Debate what you want to do and make a decision how to proceed...


Recently I wrote a blog outlining the three steps for getting things done and wanted to take some time exploring the steps a little deeper — what will make this even more fun is my friend Renée Cormier is writing a complementary series of blogs to help with the exploration (see her latest blog). I should point out that in writing my last post I discovered that there are really four steps for getting things done, and so far we’ve worked through the first two steps:

Establish your goals and objectives

Propose what you want to do

I will admit the discovery of missing a crucial step was slightly embarrassing but it’s a nice example of the third step to get things done “in action” (as well as one of the reasons I like collaborative blogging and the comments they generate).

Step number three:

Debate what you want to do and make a decision how to proceed

Simply put, this is where you pressure test your proposal, get feedback, make it better, and increase the chances that step four will be successful (can you say foreshadowing). Arguably, I would suggest this is the most important step because it will offer strong insight into what the outside world thinks of your proposal (it’s always a perfect proposal in our head). If you scratch a little deeper the real message is you need an advisory group — it may be something that is part of your everyday operating mechanisms, a loose team you’ve established to help you make better decisions, or simply a trusted confidant. No matter how you do it, you need a mechanism (and people) to challenge what you propose honestly and constructively.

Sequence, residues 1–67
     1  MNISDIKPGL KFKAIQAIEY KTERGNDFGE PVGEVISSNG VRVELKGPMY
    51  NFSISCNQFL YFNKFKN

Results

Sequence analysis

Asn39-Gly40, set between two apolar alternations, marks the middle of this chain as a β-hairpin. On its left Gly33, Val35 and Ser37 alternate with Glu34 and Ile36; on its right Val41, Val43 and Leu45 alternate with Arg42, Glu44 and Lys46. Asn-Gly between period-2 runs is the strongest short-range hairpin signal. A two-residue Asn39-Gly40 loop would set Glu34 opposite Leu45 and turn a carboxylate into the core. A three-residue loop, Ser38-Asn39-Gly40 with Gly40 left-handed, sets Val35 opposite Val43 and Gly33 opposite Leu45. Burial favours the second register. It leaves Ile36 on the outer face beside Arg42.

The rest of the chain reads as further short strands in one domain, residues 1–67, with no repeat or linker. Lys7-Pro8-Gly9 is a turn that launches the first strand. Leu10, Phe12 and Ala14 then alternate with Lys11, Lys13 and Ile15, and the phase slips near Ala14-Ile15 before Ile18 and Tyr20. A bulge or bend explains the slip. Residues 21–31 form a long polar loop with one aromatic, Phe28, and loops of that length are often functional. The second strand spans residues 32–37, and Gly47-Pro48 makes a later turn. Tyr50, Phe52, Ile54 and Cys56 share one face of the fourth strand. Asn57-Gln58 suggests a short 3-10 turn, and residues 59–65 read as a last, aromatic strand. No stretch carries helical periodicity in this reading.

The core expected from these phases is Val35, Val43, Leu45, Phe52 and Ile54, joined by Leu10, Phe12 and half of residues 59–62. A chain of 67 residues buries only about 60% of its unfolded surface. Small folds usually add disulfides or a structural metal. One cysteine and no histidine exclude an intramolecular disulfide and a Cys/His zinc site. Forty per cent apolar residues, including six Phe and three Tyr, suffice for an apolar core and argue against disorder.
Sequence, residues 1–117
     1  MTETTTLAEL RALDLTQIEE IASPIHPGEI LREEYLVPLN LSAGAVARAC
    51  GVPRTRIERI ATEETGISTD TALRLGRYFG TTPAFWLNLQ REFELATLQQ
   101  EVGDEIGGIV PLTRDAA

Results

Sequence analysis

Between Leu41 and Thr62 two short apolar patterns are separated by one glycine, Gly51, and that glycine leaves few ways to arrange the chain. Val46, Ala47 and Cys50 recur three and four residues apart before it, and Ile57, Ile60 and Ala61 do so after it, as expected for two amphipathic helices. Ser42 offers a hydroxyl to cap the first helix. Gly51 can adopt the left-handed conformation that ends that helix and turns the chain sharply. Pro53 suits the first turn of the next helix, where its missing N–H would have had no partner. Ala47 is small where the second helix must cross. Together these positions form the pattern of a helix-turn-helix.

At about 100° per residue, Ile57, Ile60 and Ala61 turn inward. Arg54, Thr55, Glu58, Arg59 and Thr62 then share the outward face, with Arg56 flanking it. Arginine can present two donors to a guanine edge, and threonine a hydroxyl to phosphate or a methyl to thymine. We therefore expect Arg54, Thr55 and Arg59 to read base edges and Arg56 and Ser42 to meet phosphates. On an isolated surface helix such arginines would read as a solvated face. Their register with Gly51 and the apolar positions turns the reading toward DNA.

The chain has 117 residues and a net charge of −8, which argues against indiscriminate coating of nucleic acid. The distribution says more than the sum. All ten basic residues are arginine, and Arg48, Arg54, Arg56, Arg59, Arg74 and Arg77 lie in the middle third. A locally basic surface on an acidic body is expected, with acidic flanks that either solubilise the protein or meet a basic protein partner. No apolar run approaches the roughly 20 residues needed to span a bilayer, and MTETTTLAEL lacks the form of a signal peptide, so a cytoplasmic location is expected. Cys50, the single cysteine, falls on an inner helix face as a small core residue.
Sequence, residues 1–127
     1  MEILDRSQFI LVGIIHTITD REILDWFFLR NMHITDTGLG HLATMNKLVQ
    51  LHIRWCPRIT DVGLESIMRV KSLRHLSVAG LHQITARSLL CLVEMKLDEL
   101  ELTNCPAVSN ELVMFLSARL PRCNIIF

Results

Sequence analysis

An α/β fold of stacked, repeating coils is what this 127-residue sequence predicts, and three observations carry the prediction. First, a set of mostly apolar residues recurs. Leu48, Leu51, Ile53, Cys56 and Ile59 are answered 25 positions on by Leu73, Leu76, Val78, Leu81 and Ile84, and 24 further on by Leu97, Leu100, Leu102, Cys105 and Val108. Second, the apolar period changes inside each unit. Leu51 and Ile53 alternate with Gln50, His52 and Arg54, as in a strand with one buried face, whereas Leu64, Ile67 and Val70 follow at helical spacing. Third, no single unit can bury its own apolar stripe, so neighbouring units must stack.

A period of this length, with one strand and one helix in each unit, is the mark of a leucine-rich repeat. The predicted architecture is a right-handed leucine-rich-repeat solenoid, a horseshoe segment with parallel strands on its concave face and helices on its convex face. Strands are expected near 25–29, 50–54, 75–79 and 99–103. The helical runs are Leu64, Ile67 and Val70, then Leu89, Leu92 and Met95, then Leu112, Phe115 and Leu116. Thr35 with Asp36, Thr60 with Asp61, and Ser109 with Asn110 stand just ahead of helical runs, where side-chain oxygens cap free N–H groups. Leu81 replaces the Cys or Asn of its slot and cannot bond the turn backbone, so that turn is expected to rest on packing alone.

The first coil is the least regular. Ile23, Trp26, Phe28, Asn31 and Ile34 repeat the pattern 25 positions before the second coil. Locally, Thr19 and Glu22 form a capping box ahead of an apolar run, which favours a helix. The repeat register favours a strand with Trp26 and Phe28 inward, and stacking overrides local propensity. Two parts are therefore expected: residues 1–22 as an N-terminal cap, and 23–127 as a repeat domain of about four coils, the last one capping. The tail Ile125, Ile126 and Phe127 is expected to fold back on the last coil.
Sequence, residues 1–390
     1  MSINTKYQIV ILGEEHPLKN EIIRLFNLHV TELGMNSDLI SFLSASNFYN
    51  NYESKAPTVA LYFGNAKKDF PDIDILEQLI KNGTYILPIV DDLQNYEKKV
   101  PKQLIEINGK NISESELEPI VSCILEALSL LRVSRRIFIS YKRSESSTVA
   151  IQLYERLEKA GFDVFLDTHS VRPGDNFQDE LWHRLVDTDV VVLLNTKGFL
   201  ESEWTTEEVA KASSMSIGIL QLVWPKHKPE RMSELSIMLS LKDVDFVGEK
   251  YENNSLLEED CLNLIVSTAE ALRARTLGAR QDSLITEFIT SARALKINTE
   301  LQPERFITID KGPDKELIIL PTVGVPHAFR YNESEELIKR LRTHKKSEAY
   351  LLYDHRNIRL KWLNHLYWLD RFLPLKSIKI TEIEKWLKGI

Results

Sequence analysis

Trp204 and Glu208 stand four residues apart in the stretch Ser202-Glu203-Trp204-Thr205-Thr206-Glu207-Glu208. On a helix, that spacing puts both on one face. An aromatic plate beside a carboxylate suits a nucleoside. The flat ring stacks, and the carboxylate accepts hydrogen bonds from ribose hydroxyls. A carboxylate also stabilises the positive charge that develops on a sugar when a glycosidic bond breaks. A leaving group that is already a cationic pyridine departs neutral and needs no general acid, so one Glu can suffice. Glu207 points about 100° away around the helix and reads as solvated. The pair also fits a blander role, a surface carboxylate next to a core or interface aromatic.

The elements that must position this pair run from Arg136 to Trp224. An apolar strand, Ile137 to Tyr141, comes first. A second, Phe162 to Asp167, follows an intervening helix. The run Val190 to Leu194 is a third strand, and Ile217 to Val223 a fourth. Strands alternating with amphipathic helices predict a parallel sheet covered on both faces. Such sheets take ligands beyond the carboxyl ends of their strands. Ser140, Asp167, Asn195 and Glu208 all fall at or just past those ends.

After reading Renée’s last two blogs I don’t think she’s addressed this step, although there could be numerous reasons — she may not believe it’s important, maybe I didn’t comprehended what she wrote correctly, maybe she hasn’t gotten around to addressing it yet, or it could be I’m just wrong. I look forward to her thoughts and insights on this. As I mentioned, this is one of the reasons I like these collaborative blogs, and I suppose also a nice way to illustrate the reason I think step three is so important. Step three also allows you to develop the language you will use to communicate your proposal (idea) to effectively get people to listen, get their buy-in, their support, and get their approval (both internally and externally). And although it can sometimes be painful, it also helps you understand that sometimes what you are proposing is “stupid”.

And this brings us to the step we’ll be discussing next

Execute on what you want to get done, and do it